The rest of the kids at NWS 101 are frankly terrified, and desperately holding back Donald and Kim. XI and Vladimir are so worried that they have agreed to cut off Kim’s sweet supplies –and his luncheon money. But the two unpredictable bullies continue to shout at each other, and everyone—inside and outside the school gates—are terrified of the consequences of the first blow.

 

 

 

 

 

Tom Arms is the editor of LookAheadnews.comSign up now for the weekly diary of world news events.

 

LookAhead Radio World Report for week commencing 14 August 2017:

 

 

Tom Arms

I am a journalist, entrepreneur and historian with extensive experience in print, web and broadcast journalism. I started as a diplomatic correspondent, wrote several books (The Falklands Crisis, World Elections On File and the Encyclopedia of the Cold War), and then in 1987 started my own business (Future Events News Service, www.fensinformation.com) which over 25 years established itself as the world and UK media’s diary. Our strapline was: “We set the world’s news agenda.” I sold FENS in December 2012 but retained the exclusive broadcast rights to all of FENS data. To exploit these rights I set up LookAhead TV which produces unique programmes which “Broadcasts Tomorrow Today” so that viewers can “Plan to Participate.” LookAhead has appeared regularly on Vox Africa, Radio Tatras International, The Conversation and Voice of Africa Radio.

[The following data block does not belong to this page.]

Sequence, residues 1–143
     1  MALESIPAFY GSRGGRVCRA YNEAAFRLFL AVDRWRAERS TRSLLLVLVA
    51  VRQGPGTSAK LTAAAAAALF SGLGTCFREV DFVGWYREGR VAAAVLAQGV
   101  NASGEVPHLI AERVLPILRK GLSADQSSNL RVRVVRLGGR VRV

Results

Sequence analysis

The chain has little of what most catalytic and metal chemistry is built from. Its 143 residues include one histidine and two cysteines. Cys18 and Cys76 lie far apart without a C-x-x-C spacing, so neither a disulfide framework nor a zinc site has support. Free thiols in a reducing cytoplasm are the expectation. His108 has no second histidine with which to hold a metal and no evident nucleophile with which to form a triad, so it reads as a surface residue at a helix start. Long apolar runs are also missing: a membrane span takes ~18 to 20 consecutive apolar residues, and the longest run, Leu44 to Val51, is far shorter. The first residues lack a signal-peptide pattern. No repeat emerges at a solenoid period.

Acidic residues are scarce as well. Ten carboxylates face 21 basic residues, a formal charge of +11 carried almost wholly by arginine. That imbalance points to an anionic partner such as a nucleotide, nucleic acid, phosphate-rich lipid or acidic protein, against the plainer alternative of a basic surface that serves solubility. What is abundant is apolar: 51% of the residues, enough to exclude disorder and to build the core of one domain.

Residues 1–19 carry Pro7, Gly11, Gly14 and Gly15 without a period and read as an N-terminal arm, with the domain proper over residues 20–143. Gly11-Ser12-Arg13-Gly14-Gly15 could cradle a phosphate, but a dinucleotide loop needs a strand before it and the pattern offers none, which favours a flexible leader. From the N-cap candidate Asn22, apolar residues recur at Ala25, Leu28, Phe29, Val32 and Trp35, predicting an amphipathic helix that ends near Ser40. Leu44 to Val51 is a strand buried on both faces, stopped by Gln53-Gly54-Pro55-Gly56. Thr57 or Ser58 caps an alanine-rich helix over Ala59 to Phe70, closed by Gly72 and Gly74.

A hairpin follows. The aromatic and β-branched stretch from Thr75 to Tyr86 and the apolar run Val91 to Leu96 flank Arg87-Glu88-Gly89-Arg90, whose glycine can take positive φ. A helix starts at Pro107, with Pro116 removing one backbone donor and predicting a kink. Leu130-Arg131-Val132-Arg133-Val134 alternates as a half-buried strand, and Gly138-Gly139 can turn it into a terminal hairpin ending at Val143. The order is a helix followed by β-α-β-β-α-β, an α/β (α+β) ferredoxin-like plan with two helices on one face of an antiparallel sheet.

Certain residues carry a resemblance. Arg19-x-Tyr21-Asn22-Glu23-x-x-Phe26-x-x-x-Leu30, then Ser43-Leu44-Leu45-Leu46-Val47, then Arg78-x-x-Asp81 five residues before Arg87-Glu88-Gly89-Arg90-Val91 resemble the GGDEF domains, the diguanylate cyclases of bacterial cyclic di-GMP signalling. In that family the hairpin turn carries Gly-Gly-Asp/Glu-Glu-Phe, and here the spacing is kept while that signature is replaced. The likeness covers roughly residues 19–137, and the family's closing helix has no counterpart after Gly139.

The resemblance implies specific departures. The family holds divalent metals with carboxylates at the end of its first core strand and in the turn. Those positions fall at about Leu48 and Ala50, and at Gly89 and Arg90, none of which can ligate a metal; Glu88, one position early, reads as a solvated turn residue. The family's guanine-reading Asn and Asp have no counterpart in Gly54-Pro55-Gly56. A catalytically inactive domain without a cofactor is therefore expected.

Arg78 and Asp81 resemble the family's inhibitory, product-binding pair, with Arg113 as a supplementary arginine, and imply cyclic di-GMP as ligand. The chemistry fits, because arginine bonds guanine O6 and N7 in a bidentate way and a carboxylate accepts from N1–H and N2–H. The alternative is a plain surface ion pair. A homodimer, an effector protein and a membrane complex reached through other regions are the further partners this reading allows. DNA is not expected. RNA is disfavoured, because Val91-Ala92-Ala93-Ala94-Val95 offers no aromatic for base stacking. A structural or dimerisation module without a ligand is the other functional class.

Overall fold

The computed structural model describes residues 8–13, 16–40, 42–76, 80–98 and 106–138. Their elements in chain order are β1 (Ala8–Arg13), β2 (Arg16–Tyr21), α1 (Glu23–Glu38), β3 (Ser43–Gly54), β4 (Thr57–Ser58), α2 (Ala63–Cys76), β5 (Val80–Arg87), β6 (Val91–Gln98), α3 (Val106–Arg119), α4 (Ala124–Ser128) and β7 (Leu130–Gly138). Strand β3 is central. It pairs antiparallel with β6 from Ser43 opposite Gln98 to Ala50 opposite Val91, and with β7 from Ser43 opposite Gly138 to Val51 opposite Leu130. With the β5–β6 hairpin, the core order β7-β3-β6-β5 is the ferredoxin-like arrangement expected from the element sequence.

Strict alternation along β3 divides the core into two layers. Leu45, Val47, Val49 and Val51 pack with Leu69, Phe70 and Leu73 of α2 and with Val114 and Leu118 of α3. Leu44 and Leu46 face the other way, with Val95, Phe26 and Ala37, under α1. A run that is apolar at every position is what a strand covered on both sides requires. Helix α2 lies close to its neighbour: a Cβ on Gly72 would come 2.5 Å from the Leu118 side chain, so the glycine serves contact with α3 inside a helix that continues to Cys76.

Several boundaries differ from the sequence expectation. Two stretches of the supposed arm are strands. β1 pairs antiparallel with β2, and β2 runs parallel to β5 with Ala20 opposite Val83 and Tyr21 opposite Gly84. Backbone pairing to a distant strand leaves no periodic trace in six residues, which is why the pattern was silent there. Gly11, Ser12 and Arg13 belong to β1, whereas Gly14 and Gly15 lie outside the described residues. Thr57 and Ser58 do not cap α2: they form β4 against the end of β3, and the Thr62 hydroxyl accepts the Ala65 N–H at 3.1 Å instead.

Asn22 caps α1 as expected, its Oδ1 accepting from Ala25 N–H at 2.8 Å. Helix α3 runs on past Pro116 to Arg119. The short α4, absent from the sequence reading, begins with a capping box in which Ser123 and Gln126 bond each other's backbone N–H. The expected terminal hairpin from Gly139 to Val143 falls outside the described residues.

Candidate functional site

In addition to being a syndicated broadcaster and columnist on global affairs, Tom is also available for speaking engagements and can be contacted on TwitterLinkedin and emailtom.arms@lookaheadnews.com.